We all know about the Olympics, the world’s biggest sporting event. What we do not know is that the Olympic games, not so long ago, was on the brink of existence. This is a story about how commercial forces saved the party and about the hangover that comes with it.
The Olympic games with its Olympic rings, one of the world’s best known brands, is today considered a hot target for large corporations to be associated with, and sponsorship deals worth billions of dollars are heavily sought after. Coca Cola paid $100 million for the sponsorship rights to the Olympic brand and the 2012 London campaign. In total, the International Olympic Committee raised over $2 billion in sponsorship deals for the London games, a significant contrast from the times when the athletes were prohibited to be associated with commercial brands and professional athletes were banned from participating in the games.
The turnaround came in 1980 when IOC president, Juan Antonio Samaranch, decided to allow centralized commercial financing of the games and participation of professional athletes. A bold decision, claimed to be in contrast to the Olympic spirit of an event and free from commercial and political interests. The move was criticized, but it was a decision that had to be made. The Olympics were at the time heavily afflicted with a financial collapse of the Montreal games in 1976, and massive boycotts in the games following the 1972 Munich games.
The Olympic burden on the city of Montreal has been heavy. In 2006, 30 years after the games, the city had finally managed to repay its debts on the Olympic stadium. The big O, locally called the big owe, is standing as a monument ever reminding the people of Montreal of the financially mismanaged event. The political controversies at the time, were further drawing a shadow over the games. In 1976, many African countries boycotted the games as a response to apartheid, and the western countries led by the US refused to participate in the 1980 Moscow games. In many senses, the Olympic spirit was already lost at the time, where the games, or non-participation in the games, was used as a political mean, and the cost had become unbearable for host cities. The result was that when the 1984 Olympic games host city where to be elected, only one official bid was put forward and the Olympic movement was at an all-time low.
Enter commercialism. As a knight in shiny armour, Los Angeles announced their interest in arranging the games. However, on the conditions that it had to be commercially financed through more extensive and exclusive sponsorship deals and professional athletes had to be allowed in the games. As there were few other options, the commercial forces were allowed into the Olympic world, making it into the kind of games we see today. In fact, the Los Angeles 1984 games were the first games to be commercially profitable, creating a view of the Olympic games as a commercially lucrative event and as a potential investment. The interest in, and the economics of the games, has indeed exploded since then; the revenue from the broadcasting rights has increased from $287 million to $2.5 billion between the 1984 Los Angeles games and the 2012 London campaign and is expected to increase further for next year’s Rio de Janeiro games.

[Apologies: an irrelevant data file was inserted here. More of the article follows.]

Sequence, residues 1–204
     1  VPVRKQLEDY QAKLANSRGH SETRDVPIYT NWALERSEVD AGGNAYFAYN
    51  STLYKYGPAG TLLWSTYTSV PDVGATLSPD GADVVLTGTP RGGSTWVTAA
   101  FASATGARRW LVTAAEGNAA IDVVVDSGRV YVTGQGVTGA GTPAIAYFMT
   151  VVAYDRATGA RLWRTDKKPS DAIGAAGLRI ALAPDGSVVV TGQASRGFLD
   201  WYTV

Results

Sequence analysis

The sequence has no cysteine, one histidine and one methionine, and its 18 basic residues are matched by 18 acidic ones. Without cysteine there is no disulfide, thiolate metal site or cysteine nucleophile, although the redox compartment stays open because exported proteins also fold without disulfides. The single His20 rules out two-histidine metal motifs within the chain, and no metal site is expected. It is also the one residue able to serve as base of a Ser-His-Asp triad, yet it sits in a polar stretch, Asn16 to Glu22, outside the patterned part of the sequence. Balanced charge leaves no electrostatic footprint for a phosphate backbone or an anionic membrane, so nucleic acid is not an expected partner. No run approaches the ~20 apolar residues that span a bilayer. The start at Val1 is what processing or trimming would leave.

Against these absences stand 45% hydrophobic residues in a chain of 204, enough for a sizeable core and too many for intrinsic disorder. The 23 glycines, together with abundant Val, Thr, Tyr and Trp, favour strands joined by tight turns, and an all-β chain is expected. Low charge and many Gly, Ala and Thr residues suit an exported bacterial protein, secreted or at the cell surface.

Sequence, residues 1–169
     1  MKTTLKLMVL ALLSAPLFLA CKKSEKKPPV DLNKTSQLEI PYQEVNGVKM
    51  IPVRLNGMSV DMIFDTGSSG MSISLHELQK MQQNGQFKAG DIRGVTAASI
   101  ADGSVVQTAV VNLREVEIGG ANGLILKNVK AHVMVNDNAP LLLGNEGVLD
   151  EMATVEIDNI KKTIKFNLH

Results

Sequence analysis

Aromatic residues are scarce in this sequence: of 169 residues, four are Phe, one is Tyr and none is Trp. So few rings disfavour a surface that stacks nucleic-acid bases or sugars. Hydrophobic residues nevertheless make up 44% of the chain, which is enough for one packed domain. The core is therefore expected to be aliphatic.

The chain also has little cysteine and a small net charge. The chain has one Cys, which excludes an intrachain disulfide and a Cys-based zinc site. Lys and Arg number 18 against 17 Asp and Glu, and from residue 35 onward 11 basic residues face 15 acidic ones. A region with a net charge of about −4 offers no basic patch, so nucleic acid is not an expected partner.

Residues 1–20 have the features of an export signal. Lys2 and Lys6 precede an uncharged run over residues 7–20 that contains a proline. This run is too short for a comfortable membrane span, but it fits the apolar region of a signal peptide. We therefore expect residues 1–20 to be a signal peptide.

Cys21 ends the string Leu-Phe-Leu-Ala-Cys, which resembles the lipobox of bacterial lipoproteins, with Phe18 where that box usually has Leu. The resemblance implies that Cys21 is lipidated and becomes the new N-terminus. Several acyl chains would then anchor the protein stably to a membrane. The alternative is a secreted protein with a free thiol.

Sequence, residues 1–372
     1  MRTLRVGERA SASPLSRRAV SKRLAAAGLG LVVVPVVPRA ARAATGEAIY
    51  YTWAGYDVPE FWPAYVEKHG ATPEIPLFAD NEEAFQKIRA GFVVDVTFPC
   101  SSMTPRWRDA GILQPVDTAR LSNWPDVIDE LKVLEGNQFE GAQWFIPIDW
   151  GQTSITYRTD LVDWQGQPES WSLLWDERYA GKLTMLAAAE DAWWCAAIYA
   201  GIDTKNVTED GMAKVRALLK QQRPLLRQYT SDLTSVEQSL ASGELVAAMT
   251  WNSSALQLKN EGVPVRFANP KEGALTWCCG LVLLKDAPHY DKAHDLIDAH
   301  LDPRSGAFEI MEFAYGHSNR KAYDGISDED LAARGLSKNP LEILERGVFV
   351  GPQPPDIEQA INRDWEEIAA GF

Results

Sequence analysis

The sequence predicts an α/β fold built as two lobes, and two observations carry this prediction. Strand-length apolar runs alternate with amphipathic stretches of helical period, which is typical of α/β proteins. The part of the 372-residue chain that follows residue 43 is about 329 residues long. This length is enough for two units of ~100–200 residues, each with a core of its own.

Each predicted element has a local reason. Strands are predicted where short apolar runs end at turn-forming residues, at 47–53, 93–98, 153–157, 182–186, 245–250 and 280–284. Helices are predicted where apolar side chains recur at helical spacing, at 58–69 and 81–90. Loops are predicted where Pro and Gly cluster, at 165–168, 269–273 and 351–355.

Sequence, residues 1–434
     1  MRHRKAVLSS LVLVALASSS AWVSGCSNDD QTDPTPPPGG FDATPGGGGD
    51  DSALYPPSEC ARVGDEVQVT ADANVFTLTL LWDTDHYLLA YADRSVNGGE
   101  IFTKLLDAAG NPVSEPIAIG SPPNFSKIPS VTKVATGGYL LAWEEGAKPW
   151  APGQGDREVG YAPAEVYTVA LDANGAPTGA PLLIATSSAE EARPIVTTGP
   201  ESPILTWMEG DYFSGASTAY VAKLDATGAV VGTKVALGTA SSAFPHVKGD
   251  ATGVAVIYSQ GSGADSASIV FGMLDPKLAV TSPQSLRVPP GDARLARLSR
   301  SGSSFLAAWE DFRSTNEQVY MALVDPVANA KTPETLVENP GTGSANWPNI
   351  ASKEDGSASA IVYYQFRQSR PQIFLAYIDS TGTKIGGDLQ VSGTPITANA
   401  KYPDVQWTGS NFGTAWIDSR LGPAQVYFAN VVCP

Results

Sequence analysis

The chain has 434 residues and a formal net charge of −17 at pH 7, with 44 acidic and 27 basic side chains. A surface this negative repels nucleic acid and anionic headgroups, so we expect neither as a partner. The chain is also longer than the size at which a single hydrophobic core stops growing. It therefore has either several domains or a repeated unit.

Where is this going to end?
As the revenue has spiked so has the costs. Hosting the Olympic games is more lucrative than ever, but also more expensive than ever. New stadiums, facilities, and infrastructure has to be built for an event lasting for four weeks. The 2012 London games cost about £9 billion, more than three times the original budget. May it be that the increasing commercialism of the games has created a monster of the Olympics, growing too much for itself to bear. In financially unstable times and growing global inequalities, is it viable to put public resources into a short-lived event like the Olympics rather than investing in education or poverty reduction?
We have seen Athens and Greece struggle in the aftermath of the 2004 Olympic games with over-dimensioned facilities and a vulnerable economy. Protests are loud in next year’s host city Rio de Janeiro, Brazil, a city and a country with large problems concerning inequality and poverty. Are public funds really best invested in hosting the Olympic games in a country like Brazil?
Few studies, if any, show that benefits exceed costs in hosting the Olympic games. There is rather significant opportunity costs subject to hosting an event like the Olympics. Thus, there is an evident risk of an economic hangover for the hosting city and country, especially in economically more vulnerable countries, like Brazil, and as we have seen in Greece. Since it is the IOC that reaps most of the profits from the commercial rights associated with the games, where is the incentive for cities to host the games?
Still, it is undoubtedly a prestigious showcase event for governments showing political strength and the benefits of hosting the Olympics have to be measured in soft rather than hard values. The same kind of reasoning as when Coca cola spends hundreds of millions to be able to use the Olympic logo associated to its products. After all, the Olympic spirit is something we cannot measure or value and some decades ago commercialism saved its existence. Today, the picture is rather the opposite. The commercial magnitude of the games has grown to test the limits of what the Olympics can hold and it calls for some sustainability measures or else the hangover will be heavier than the fun of the party.